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Frequently Asked Questions (FAQs)
RELATED INFORMATION
•  Area Codes for the U.S. and Canada

 


Billing

Will my phone and cable service be on one bill?

Today a combined Cable, High Speed Data and Telephone bill is available for your convenience. Ask your Customer Service Representative for details, as not all customers will qualify to receive an all-in-one bill.

Is there a fee to switch to Cox Long Distance?
There is no charge to switch over to Cox Long Distance. And, Cox Long Distance is simple and affordable.

With Cox Digital Telephone, will directory assistance be available? How much will it cost?
Directory Assistance is available with Cox Digital Telephone service.

What are some of the FCC charges that I see on my bill for?
The Universal Fund Fee was created by the FCC to help provide affordable telecommunications services for low-income families, to remote areas and advanced services, such as Internet access, to eligible organizations. All long distance carriers pay into this fund. The Carrier Line Fee helps recover a portion of fees paid to local telephone companies for access.

Can my long-distance company be changed without my permission?

Answer: Switching your long-distance company without your approval is called "slamming," and it's illegal.

  • Slamming: The illegal practice of changing a consumer's telephone service - local, intralata or long distance service - without permission. Such unauthorized switching violates FCC rules, regardless if the change was intentional or unintentional.
  • Cramming: A practice in which customers are billed for enhanced features such as voice mail, caller-ID and call-waiting that they have not ordered. This Definition is provided so that each user will be able to differentiate slamming vs. cramming. Cramming is NOT to be tracked for purposes of reporting to the FCC.

 


General

Why is Cox offering Local and Long Distance telephone service?

Our customers have told us that they would like a choice in local telephone providers. As has been demonstrated in many other industries, competition results in several benefits to consumers. Local telephone service is just one part of our long-term strategy to offer our customers a full-service package of communications services. Our customers will be able to rely on Cox to meet all of their communications needs with reliable, top-quality products and services, including cable television, telephone services and high-speed Internet access. Only a communications company like Cox that has invested time and money into upgrading its cable network has the ability to deliver video, voice and data services over a single platform.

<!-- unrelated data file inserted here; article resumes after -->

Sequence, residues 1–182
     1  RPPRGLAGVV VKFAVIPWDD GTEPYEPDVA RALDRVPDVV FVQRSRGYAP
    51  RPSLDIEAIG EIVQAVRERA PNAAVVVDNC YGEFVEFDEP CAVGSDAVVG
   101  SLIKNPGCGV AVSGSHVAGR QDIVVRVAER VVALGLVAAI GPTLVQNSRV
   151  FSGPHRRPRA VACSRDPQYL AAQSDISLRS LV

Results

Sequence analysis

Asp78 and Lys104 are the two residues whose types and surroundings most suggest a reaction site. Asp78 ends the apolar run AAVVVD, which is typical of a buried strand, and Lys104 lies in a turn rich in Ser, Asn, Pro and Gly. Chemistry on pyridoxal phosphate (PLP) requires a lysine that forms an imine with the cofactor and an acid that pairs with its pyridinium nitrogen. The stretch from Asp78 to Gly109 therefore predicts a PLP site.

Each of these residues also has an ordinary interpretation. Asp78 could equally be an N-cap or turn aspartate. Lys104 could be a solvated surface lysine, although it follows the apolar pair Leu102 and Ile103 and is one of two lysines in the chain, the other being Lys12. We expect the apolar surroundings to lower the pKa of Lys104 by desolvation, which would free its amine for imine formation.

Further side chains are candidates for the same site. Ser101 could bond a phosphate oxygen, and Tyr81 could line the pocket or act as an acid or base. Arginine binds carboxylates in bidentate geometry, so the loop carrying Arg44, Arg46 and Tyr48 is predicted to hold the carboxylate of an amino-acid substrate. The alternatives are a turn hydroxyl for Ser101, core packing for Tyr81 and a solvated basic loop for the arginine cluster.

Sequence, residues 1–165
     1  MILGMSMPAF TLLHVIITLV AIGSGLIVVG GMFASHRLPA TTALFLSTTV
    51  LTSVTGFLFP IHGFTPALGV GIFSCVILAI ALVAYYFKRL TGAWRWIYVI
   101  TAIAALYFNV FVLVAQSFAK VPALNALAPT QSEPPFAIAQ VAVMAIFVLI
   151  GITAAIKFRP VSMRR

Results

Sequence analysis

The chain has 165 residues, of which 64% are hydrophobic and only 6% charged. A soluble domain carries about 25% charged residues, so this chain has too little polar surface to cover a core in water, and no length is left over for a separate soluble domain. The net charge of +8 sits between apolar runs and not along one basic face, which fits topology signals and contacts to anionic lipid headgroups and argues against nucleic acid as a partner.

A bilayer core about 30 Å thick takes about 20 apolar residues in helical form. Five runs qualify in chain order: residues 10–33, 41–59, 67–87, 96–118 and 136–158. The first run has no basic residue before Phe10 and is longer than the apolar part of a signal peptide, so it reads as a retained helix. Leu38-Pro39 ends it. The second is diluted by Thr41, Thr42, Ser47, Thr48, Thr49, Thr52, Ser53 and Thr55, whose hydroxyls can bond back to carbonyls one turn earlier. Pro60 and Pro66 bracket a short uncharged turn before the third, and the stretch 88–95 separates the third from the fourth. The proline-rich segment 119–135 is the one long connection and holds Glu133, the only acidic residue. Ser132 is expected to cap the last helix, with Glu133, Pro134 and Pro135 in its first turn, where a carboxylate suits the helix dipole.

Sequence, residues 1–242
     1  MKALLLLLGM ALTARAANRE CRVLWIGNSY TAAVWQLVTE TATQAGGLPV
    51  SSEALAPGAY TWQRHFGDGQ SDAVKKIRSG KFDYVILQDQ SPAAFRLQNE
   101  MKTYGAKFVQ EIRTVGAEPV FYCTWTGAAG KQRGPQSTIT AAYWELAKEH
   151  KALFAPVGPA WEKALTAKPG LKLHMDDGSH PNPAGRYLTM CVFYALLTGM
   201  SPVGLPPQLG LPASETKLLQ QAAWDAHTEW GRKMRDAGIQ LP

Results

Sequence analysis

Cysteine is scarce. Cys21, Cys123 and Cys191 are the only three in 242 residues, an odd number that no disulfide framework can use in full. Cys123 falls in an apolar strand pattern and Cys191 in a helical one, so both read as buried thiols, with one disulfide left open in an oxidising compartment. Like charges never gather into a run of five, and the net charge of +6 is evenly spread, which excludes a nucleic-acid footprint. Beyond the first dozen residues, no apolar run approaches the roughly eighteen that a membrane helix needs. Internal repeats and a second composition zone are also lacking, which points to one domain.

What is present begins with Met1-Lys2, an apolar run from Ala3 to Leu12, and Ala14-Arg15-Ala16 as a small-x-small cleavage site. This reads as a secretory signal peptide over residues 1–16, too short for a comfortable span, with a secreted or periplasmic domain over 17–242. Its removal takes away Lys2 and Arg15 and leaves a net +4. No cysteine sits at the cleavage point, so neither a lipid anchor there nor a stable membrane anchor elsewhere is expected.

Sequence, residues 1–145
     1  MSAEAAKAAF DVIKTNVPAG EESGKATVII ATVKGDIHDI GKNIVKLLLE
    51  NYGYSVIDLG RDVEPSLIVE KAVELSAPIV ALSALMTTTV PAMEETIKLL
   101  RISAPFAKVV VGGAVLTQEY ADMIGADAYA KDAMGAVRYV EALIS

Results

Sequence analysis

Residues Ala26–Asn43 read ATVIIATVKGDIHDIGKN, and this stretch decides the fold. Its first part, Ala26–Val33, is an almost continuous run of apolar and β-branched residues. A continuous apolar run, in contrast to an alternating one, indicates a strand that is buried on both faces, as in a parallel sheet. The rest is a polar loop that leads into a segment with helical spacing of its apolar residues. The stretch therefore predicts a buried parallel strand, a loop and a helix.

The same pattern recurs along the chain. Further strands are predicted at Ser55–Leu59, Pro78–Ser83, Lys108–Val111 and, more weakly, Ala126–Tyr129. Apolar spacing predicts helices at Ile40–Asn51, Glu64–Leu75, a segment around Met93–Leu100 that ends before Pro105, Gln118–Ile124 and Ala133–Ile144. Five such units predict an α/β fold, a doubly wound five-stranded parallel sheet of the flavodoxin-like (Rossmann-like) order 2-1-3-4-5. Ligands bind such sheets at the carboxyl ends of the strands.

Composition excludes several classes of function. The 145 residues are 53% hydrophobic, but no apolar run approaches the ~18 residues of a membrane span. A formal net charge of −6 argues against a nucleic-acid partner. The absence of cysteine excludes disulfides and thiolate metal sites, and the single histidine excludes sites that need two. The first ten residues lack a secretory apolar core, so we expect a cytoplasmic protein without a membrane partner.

Why is Cox - a cable company - allowed to offer local telephone service?
Cox is no longer just a cable company. With the launch of Cox Digital Telephone, Cox now offers a full slate of communications services, including high-speed access to the Internet and local and long distance telephone services. The Telecommunications Act of 1996 deregulated the telecommunications industry, legally permitting cable companies to enter into the local telephone service market for the first time. We are able to launch our service so quickly because we have been anticipating this opportunity and have been upgrading our delivery network for nearly 10 years.

Can I keep my current phone number?
Yes, in most instances, you can! Local Number Portability (LNP) allows a customer to change local exchange carriers and maintain their current telephone number, even though they are now serviced by a different provider.

Can I choose any long distance company?
Long distance service is included with both the Connection Unlimited and Connection 60 Package distance plans that are competitive and simple to understand. However, if you end up choosing our Basic Line offering you can choose your Long Distance provider or choose Cox communications:

How will customers benefit from Cox's local phone service?
Cox customers will be able to enjoy the convenience and security of having all of their communications needs met by one company with a track record of providing a reliable, high-quality product and superior customer service.

Will I be able to call people who use other local telephone companies?
Yes, the Cox network will be connected to other local telephone companies, so you will be able to call anyone, anywhere, regardless of what phone company they use.

Why would I switch?
Better technology, better customer service and better value. Cox's digital broadband network provides the reliability you'd expect from a premier telecommunications company, and we provide the best customer service in the cable industry. As for prices, Cox Digital Telephone offers significant savings over your current provider, plus savings on second lines and features such as Call Waiting, Caller ID or Voicemail. Finally, our calling plans that are straightforward and easy to understand; no confusing time of day restrictions or minimum spending requirements. Your rate will always be the same, 24 hours a day, 7 days a week!

Can I make a phone call and watch TV at the same time?
Yes. In fact, you can also be surfing the Internet with Cox High Speed Internet. Cox's broadband network allows you to use multiple appliances simultaneously.

What phone books will our information go in?
The same directory that they currently reside in.

What makes Cox Digital Telephone better than its competitors?
Cox Digital Telephone is provided over digital fiber-optic network. Our state-of-the art technology assures you of crystal-clear connections and, to keep your phone service trouble-free, we monitor the network 24 hours a day.